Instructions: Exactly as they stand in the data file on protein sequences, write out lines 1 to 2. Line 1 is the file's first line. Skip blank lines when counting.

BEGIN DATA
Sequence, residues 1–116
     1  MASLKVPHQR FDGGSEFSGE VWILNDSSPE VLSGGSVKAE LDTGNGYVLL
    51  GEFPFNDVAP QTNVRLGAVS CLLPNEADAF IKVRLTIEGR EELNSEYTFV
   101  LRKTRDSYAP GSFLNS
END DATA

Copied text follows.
Sequence, residues 1–116
     1  MASLKVPHQR FDGGSEFSGE VWILNDSSPE VLSGGSVKAE LDTGNGYVLL